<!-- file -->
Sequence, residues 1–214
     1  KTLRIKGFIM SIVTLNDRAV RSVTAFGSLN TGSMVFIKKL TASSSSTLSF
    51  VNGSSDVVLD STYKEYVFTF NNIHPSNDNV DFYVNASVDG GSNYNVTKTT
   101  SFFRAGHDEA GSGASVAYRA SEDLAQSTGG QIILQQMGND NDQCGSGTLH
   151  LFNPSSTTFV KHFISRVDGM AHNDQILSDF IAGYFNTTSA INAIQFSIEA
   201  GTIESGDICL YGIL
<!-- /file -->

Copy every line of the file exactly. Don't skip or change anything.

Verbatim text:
Sequence, residues 1–214
     1  KTLRIKGFIM SIVTLNDRAV RSVTAFGSLN TGSMVFIKKL TASSSSTLSF
    51  VNGSSDVVLD STYKEYVFTF NNIHPSNDNV DFYVNASVDG GSNYNVTKTT
   101  SFFRAGHDEA GSGASVAYRA SEDLAQSTGG QIILQQMGND NDQCGSGTLH
   151  LFNPSSTTFV KHFISRVDGM AHNDQILSDF IAGYFNTTSA INAIQFSIEA
   201  GTIESGDICL YGIL